"I've had more success letting the folks I manage work on projects when they want to, rather than restraining them to 9-to-5 work days," says Nicholas Percoco, senior vice president and head of Trustwave's SpiderLabs, a cloud-based compliance and information security provider. "They're always held accountable for completing tasks and working as a team, but allowing them to do it when they're most productive leads to better results for the company."
Smart managers recognize that geeks are different than their average employee and give a wide latitude for alternative hours, dress, and behavior, says Richard J. Sherman, author of "Supply Chain Transformation: Practical Roadmap to Best Practice Results."
"Let them work in soft light, let them listen to their music, let the surf the Web, let them find their own technical muse," Sherman says. "As for time, they cannot have any boundaries. They will work for 72 hours straight when the muse finds them, and they will take 72 hours off when a new release of a computer game comes out. Let them be."
Geek management myth No. 5: Taking a geek's toys away will make him more productiveWhen they spy a techie fiddling with an iPhone or playing a game, many managers see unnecessary distractions that drain productivity. But the geek sees inspiration -- or at least something to occupy the lizard brain while their higher thinking chews on tougher problems.
"Managers don't understand the emotional connection geeks feel toward their personal devices," says Bill Rosenthal, CEO of Logical Operations, which provides multichannel skills training to businesses. "For many, the feeling is so visceral that policies restricting their use seem like an affront to them. It dampens their enthusiasm and undercuts their productivity."
That's especially true for the tools they need to do their jobs, says Brian Kelly, VP of engineering for TimeTrade Systems, maker of Web-based scheduling software.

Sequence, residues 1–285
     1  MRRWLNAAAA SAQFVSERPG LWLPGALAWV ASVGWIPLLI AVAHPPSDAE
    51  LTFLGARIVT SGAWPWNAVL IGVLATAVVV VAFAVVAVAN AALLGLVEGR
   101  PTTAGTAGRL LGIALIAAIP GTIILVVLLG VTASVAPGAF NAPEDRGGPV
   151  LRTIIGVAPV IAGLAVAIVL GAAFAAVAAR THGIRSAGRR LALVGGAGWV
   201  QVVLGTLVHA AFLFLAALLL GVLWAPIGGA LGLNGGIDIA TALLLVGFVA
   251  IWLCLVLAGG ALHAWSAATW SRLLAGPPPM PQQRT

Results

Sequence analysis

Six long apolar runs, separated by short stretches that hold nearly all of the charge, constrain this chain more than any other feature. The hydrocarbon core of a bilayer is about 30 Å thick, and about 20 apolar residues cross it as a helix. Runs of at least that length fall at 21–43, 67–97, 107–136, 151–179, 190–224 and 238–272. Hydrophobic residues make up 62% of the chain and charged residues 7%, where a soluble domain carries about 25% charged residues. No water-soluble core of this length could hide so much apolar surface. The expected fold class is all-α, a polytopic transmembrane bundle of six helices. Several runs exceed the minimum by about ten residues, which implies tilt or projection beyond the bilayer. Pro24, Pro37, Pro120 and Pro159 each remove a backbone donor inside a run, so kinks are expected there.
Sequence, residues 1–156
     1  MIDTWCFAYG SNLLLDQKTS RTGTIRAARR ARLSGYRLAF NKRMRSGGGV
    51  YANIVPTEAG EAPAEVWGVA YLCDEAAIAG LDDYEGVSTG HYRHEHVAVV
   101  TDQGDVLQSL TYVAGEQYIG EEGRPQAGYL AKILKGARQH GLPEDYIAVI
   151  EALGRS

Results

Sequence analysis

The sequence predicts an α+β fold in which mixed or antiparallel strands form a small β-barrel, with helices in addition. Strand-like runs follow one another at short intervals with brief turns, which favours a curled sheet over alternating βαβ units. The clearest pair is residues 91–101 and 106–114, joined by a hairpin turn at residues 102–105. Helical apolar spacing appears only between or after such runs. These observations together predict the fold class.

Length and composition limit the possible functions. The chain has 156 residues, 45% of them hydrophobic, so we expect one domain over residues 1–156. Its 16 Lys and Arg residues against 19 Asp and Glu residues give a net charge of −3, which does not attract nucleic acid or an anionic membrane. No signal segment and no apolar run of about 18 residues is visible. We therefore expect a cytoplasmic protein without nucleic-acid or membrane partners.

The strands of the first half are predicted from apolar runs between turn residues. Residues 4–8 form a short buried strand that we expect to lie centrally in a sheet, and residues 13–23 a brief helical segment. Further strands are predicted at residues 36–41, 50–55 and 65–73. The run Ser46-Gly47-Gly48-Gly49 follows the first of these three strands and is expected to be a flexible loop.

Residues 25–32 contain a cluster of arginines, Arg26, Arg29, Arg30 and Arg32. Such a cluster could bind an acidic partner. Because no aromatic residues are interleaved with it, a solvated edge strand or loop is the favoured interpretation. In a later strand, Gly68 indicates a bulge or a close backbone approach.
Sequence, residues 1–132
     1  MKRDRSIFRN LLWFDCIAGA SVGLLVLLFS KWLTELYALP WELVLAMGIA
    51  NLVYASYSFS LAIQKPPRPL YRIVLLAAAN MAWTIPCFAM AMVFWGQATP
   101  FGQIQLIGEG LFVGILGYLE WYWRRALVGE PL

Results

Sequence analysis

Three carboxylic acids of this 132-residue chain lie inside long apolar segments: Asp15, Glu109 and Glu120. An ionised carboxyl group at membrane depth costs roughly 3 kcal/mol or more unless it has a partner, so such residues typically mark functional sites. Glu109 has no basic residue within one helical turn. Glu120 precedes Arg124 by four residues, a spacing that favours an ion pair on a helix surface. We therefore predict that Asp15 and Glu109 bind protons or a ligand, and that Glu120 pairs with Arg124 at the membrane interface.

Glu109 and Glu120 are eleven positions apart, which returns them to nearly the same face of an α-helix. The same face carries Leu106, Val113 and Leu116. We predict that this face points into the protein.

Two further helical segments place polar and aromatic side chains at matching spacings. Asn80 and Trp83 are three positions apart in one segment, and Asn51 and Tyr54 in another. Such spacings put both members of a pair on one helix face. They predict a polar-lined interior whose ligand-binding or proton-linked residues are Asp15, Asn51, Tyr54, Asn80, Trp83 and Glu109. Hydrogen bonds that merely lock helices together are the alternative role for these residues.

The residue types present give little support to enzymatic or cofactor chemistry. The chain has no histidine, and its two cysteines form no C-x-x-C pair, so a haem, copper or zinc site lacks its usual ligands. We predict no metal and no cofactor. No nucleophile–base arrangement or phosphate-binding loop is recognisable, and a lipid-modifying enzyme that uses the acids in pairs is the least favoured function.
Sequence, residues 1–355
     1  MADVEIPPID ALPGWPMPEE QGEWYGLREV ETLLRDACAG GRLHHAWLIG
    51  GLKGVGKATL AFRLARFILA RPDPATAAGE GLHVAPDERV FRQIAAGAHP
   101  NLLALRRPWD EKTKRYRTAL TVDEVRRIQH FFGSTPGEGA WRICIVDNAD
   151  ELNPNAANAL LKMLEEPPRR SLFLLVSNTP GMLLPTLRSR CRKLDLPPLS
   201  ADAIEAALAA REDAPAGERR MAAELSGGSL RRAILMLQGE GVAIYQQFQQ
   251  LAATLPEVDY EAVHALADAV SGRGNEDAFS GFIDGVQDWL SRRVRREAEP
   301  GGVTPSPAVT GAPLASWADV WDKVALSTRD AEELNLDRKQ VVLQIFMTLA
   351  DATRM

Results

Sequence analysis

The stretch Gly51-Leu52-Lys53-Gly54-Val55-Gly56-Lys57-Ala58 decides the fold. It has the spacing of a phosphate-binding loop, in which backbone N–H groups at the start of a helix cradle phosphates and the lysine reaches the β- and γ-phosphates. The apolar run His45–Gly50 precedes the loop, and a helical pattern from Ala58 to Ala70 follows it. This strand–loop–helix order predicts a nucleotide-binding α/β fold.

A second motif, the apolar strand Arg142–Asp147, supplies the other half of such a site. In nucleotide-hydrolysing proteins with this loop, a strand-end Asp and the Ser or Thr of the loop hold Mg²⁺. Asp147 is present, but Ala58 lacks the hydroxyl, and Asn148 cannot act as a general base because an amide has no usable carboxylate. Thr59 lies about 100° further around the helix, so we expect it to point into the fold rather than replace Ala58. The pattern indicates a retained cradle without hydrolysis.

"Most programmers work best when given the best tools for the job: fast computers, top-quality monitors, noise-canceling headphones, ergonomic chairs, and any software they need," says Kelly. "The most successful engineer-focused companies out there are well-known for giving their geeks great tools, and that's no coincidence. At TimeTrade we even describe the tools newly hired programmers will get in our online job postings. That certainly helps attract technical talent to the company."
When you see geeks glued to their phones or staring at screens for days on end in a seemingly comatose state, don't panic, advises Rod Bagg, VP of customer support for Nimble Storage, a provider of flash-optimized hybrid storage arrays.
"The wheels are churning," he says. "They're going to get it done. Just stay out of their way."
Geek management myth No. 6: Techies couldn't care less about businessAnother familiar myth is that IT pros are completely uninterested in what the business side is doing. That's simply wrong, says Dave Gruber, director of developer marketing for Black Duck Software, a management and consulting firm for businesses that rely on open source software.
"Geeks get excited about more than code," he says. "Engage them in your business. You'll be surprised how interested most geeks are in understanding the bigger picture and will ultimately develop more relevant code when they do."
Organizations that fail to invite tech pros to the table miss out on the expertise and experience they may bring in other areas, such as Internet marketing, UX design, and market segmentation, to name a few examples, says Brett Suddreth, editor at IT Career Paths.
"We are more than just technology gurus," he says "We have a lot of insights into the business that could help push the organization forward. Start including us in your brainstorming meetings when you are about to pitch new clients -- you never know what we will come up with."